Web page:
Avoid these 6 Bad Coding Practices
Don't practice until you get it right. Practice until you can't get it wrong!
Hey, Techies! 🤺
How was your day going till now? 😎
in this article I wanted to share with you some bad coding practices I had before when I started to code but I want you to stay away as much as possible from this horrible mistakes I did it before.
So without wasting another minutes of your valuable time, Let's get straight into it ✌️✌️
1. FAILING TO THINK AHEAD
What features should your project have, how much will it be expected to scale, how many users will it have and how fast must it run?
You need to answer these questions before starting your project or early in the process. Otherwise, you may face serious difficulties.
Twitter provides a good example of the problems you encounter if you underestimate future requirements. Twitter had to abandon Ruby on Rails and rewrite much of its code using Scala and other technologies because the Ruby code, as originally architected, simply couldn't scale to keep up with Twitter's fast-growing user base.
2. OPTIMIZING CODE PREMATURELY
Programmers waste enormous amounts of time thinking about, or worrying about, the speed of noncritical parts of their programs, and these attempts at efficiency actually have a strong negative impact when debugging and maintenance are considered.
Premature optimization can introduce an unexpected bugs and be a huge time waster.
The first step should be to ship code that works, and then figure out which critical components, if any, to optimize for performance.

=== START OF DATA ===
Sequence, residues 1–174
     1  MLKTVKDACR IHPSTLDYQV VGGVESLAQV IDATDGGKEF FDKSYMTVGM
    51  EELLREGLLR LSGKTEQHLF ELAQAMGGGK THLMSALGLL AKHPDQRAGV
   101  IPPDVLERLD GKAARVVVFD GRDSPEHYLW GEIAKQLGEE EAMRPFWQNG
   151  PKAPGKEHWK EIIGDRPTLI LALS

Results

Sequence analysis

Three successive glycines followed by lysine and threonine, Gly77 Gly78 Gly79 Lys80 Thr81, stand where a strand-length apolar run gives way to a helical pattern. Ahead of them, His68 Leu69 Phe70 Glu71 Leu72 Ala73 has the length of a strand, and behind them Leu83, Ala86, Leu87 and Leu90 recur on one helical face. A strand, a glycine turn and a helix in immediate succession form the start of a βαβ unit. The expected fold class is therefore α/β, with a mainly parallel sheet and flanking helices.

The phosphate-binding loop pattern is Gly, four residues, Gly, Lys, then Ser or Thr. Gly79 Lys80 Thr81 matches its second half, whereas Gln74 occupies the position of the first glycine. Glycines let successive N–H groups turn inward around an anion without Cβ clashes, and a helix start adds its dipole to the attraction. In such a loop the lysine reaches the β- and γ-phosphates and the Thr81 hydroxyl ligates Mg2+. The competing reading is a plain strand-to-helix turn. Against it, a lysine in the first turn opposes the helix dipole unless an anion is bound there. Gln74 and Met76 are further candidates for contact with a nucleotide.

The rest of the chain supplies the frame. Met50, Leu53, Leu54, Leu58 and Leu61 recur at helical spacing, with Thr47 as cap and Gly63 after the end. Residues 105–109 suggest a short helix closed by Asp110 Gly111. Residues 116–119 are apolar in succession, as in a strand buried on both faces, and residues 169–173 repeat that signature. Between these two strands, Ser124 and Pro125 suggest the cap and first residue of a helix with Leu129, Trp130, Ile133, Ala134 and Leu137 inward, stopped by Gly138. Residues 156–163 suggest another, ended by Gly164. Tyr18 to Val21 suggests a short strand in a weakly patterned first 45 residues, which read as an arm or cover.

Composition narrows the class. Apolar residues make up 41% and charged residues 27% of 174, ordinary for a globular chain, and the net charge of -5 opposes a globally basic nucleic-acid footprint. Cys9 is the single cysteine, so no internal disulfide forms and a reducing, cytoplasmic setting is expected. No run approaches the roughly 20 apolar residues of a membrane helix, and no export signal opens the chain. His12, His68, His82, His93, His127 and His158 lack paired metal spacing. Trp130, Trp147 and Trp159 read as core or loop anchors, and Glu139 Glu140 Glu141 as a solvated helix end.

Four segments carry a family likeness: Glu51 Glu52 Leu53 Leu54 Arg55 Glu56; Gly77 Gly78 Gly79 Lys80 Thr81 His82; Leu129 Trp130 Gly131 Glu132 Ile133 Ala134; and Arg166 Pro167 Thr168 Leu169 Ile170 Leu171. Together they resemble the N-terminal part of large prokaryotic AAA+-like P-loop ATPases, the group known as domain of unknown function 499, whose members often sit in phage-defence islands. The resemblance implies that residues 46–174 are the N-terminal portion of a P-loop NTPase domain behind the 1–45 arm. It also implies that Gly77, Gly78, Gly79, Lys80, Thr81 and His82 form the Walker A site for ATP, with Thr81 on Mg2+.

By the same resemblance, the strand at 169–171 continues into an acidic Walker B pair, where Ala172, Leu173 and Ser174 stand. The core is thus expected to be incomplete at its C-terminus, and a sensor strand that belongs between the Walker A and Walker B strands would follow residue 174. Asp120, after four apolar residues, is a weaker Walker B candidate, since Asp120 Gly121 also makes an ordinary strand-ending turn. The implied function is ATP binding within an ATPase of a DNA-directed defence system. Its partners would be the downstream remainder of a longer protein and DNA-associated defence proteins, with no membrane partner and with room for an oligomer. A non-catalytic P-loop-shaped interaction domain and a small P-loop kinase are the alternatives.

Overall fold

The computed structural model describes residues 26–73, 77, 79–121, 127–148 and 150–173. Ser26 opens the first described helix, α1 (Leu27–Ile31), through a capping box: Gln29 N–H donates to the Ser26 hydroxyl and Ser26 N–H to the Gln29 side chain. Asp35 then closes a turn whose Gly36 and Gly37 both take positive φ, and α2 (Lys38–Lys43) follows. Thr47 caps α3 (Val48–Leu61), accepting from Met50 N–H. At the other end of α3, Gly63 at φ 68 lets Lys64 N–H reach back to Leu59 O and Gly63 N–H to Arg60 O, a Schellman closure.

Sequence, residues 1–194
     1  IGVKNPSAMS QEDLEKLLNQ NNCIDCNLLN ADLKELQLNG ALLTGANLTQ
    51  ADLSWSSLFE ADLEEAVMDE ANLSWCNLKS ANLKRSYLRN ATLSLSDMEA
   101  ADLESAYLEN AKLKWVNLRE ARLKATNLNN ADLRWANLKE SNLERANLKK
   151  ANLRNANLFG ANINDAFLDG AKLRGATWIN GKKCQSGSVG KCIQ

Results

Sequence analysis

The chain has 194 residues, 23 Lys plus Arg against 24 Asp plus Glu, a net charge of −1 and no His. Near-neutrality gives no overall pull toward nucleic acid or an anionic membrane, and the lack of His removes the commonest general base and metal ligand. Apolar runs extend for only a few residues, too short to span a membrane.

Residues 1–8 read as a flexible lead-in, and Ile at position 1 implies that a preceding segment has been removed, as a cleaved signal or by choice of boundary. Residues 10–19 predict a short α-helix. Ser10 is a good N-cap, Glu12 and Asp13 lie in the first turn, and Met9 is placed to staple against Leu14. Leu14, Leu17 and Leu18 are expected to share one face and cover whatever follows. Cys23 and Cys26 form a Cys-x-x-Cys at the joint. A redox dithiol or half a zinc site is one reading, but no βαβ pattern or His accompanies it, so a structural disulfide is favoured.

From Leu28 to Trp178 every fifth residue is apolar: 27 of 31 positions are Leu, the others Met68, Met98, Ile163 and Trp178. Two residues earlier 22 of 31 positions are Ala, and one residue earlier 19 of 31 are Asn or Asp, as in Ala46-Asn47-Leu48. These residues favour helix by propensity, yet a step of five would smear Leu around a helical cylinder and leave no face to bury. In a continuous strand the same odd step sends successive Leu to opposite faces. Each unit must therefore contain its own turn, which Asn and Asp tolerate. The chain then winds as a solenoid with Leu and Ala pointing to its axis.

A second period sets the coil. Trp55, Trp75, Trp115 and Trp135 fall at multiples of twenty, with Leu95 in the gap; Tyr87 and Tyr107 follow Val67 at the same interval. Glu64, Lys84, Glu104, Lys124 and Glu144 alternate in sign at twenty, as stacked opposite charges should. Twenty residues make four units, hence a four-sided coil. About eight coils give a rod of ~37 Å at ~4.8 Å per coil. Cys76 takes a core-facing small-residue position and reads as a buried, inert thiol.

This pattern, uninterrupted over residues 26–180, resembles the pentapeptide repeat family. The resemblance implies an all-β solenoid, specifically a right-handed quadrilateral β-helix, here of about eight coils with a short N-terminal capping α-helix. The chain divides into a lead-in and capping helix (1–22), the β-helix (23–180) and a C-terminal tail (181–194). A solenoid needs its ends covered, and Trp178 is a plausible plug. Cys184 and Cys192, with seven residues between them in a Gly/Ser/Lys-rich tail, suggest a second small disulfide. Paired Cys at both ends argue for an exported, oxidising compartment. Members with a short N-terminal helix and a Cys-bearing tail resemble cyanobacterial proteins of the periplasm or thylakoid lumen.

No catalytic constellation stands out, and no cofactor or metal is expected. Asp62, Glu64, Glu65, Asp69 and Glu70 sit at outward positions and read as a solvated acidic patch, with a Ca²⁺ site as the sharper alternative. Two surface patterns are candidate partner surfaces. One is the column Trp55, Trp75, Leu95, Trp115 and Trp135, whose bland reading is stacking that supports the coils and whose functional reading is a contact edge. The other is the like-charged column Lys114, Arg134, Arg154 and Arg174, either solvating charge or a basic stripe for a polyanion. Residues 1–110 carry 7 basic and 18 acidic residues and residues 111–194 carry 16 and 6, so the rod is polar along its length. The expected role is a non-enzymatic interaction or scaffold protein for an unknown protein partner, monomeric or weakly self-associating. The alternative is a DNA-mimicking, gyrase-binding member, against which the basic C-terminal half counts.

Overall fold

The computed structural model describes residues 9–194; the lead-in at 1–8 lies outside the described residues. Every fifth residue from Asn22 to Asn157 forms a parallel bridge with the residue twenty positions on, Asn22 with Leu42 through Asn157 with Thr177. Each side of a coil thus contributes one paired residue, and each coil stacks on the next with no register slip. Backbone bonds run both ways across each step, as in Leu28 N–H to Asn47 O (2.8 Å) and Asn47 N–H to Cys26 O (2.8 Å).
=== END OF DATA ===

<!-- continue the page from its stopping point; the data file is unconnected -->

Being clever with your code may make it run infinitesimally faster, but it makes it far harder to debug and maintain.
A better strategy: Write your code clearly, then get to work in any parts that really need optimizing in order to improve performance.
3. FAILING TO MODULARIZE
You should write functions that do one thing and one thing only.
This helps keep them short and easy to understand and maintain.
Long functions have many possible paths through them, making them complicated and much harder to understand and test.
A good rule of thumb: One function should occupy no more space than a single screen. Another one: If it has 10 or more "if" statements or loops, then it's too complicated and should be rewritten.
4. NOT COMMENTING YOUR CODE
Code comments are so widely misunderstood and abused that you might find yourself wondering if they're worth using at all. Be careful what you wish for.
It is the responsibility of the programmer to write obvious code and try to eliminate the need for comments.
However, comments are still helpful and even necessary in many situations and avoiding them can make your code unreadable.
5. FAILING TO FORMATE YOUR CODE
Code formatting is very important when you are building an application.
This will help you to organize your code properly and to maintain your code to make it easily readable.
Indenting and formatting your code makes it easier to understand at a glance and, therefore, spot mistakes.
It also makes it far easier for other people to maintain your code, as It's presented in a consistent fashion.
If you use an IDE that doesn't automatically format your code, consider running it through a code beautifier such as Uncrustify, which will format it consistently according to the rules you configure.
6. IGNORING ERROR MESSAGES
Good error messages are helpful and tell you what you should do.
Having more information about a problem is always better, and taking the time to gather that information will save more time in the long run.
That's all falks for this article.....
What other bad coding practices programmers should avoid?